American High Schools in Crisis (Rep. George Miller)

Yesterday, the Committee on Education and Labor held a hearing to take a look at how improving graduation rates in our nation’s high schools can help strengthen our competitiveness.  Some may think twice about using the word “crisis” to define what’s happening in our high schools. But the truth is, we aren’t just facing a crisis -- the house is on fire.

Today, only 70 percent of students graduate with a regular high school diploma. Of these students, fewer than half graduate fully prepared for college-level work or success in the workforce.  About 10 percent of high schools produce close to half of our students who drop out --so-called “dropout factories”.  These dropout factories disproportionately impact minority students, producing 69 percent of all African-American and 63 percent of all Hispanic students who drop out.

A high school dropout earns an average of $260,000 less than a high school graduate and $1 million less than a college graduate over a lifetime. Each class of high school dropouts cost the U.S. economy $309 billion in lost wages over the students’ lifetime.  It’s become increasingly clear that addressing this dropout crisis is one of the most important things we can do to turn our economy around for good.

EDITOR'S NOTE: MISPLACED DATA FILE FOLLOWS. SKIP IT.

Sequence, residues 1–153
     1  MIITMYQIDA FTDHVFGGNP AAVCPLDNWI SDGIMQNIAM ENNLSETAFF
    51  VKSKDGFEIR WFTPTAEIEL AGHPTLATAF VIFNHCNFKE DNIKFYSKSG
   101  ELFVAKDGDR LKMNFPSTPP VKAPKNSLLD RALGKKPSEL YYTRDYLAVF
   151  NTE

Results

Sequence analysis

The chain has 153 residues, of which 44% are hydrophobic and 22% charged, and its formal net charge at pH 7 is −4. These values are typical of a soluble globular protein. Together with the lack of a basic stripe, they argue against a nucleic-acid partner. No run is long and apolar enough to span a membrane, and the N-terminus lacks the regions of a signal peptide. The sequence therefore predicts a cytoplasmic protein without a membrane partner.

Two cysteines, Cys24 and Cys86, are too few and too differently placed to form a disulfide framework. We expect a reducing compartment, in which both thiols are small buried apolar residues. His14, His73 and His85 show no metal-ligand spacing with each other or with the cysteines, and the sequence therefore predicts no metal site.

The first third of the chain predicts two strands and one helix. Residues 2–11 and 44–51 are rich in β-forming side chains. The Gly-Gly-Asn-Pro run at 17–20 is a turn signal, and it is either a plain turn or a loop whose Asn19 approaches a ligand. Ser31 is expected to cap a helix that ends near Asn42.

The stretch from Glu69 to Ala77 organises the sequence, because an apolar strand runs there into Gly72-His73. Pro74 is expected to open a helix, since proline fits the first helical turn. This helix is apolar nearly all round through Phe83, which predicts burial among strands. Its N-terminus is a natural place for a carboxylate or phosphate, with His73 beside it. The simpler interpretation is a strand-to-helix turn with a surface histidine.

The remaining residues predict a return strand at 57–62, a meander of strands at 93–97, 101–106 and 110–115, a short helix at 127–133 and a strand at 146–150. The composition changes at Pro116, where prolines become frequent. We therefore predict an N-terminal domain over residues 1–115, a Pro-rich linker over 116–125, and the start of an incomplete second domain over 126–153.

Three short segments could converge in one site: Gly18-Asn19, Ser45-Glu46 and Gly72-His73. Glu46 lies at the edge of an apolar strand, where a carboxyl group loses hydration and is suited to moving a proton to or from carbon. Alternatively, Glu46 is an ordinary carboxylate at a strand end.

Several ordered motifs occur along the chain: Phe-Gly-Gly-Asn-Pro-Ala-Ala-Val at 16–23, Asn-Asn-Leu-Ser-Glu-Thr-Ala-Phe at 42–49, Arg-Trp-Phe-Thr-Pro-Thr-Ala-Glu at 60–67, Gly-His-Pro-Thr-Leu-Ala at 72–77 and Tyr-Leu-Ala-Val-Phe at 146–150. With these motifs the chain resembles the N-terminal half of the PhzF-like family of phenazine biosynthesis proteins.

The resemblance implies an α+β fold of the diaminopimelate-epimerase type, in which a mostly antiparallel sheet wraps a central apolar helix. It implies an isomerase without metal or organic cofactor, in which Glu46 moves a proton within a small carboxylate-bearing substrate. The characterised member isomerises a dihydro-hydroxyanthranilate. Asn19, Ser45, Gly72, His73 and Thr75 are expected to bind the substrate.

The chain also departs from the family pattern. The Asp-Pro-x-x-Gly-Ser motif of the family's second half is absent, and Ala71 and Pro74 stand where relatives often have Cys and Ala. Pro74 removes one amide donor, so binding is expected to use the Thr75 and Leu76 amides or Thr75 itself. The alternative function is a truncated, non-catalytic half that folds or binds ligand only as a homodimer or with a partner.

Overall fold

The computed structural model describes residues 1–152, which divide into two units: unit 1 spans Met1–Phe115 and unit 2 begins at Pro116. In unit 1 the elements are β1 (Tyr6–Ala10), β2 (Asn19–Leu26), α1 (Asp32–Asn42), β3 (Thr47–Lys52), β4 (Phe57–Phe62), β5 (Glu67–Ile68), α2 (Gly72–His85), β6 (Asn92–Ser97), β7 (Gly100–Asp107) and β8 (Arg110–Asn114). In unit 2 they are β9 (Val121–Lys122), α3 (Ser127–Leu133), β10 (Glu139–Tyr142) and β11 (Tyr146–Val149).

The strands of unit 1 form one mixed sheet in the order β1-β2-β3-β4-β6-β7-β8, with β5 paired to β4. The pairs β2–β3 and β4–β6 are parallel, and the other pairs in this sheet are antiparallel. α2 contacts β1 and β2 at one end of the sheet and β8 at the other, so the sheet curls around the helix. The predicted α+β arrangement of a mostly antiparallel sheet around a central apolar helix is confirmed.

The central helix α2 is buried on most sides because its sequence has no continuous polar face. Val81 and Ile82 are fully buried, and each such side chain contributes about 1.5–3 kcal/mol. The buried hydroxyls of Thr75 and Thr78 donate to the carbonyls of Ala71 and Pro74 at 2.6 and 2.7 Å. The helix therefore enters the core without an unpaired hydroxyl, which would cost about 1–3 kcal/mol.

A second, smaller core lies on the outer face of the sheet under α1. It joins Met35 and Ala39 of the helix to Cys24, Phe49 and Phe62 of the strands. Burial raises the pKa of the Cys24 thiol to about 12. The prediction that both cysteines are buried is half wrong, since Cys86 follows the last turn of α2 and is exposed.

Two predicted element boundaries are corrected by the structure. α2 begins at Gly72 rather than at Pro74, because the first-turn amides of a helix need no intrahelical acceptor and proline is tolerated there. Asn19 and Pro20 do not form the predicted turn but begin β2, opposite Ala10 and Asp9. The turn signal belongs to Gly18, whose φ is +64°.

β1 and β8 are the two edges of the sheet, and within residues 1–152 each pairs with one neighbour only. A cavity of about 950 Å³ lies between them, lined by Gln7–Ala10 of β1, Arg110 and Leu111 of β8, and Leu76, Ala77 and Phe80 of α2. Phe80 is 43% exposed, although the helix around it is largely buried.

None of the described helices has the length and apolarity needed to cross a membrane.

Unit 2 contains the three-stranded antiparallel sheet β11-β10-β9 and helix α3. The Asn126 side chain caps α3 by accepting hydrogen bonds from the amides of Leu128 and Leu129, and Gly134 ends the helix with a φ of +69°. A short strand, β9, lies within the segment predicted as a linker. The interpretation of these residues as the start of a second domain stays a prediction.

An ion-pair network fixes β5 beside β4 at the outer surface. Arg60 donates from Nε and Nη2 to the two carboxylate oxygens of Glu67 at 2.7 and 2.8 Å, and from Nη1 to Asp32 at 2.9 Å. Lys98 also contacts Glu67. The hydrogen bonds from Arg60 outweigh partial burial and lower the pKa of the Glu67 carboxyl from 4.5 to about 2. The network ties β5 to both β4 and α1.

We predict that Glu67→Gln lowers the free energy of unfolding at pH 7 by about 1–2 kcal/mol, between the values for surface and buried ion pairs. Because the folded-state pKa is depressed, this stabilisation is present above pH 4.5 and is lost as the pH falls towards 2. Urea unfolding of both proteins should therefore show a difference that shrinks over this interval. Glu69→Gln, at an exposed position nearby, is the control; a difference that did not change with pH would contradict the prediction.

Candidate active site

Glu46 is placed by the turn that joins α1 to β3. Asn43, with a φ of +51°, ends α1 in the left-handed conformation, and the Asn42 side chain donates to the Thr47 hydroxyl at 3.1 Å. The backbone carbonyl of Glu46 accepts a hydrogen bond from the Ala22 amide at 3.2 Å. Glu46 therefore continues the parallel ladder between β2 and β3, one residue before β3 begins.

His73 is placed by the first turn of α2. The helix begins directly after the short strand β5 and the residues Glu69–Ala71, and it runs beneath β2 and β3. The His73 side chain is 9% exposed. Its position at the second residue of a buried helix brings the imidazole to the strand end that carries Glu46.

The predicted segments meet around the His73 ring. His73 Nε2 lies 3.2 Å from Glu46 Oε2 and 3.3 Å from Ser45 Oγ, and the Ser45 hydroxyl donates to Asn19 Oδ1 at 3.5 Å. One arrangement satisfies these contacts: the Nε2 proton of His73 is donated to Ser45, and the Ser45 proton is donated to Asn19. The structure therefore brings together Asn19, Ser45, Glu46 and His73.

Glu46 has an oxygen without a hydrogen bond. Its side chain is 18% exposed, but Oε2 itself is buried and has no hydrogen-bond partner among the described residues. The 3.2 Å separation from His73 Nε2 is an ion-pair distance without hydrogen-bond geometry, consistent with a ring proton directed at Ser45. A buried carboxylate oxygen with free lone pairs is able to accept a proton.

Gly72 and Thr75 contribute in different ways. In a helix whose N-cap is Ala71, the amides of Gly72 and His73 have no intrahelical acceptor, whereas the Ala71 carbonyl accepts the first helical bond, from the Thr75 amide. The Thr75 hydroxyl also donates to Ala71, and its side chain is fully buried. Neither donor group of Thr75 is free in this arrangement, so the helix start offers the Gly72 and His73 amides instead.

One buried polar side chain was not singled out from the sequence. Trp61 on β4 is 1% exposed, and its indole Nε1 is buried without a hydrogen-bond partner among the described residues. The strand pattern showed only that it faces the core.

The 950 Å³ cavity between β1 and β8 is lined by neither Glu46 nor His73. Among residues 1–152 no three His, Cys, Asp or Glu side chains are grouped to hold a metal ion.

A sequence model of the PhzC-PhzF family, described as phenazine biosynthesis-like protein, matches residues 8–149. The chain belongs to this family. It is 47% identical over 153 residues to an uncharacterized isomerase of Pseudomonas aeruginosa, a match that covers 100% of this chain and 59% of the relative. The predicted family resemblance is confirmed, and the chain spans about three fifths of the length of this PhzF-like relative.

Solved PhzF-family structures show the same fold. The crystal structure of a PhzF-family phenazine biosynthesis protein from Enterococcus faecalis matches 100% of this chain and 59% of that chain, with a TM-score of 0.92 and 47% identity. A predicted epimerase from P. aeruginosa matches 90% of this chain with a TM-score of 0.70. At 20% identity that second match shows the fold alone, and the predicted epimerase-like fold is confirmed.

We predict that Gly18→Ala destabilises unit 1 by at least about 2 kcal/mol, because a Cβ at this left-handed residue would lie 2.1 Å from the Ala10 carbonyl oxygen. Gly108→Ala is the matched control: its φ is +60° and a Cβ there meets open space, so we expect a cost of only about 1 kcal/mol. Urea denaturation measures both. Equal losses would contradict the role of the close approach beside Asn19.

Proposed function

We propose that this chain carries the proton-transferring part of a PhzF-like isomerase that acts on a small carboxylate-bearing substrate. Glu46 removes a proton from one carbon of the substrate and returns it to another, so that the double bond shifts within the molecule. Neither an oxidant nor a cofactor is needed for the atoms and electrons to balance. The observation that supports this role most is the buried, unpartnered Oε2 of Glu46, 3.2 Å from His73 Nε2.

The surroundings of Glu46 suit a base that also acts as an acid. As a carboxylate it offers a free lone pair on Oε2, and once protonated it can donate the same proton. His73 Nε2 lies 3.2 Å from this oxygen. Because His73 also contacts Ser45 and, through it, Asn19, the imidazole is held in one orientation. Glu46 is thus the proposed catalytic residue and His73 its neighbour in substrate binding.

In its current form, No Child Left Behind doesn’t do enough to turn around low-performing middle and high schools and improve our graduation rates, partly because we do not yet have common state standards.  We need to hold schools responsible for their graduation rates so they can improve student performance.  We also need to discourage schools from pushing out students who aren’t making the grade and ask schools to keep their doors open to students who leave and want to return.

I would like to thank many of my committee colleagues for their outstanding leadership on this issue, including Chairman Kildee’s Fast Track to College Act, Rep. Grijalva’s Success in the Middle Act, Rep. Hinojosa’s Graduation Promise Act, and Rep. Scott’s GRADUATES Act. Clearly there is great interest in moving forward with legislation to address this urgent problem.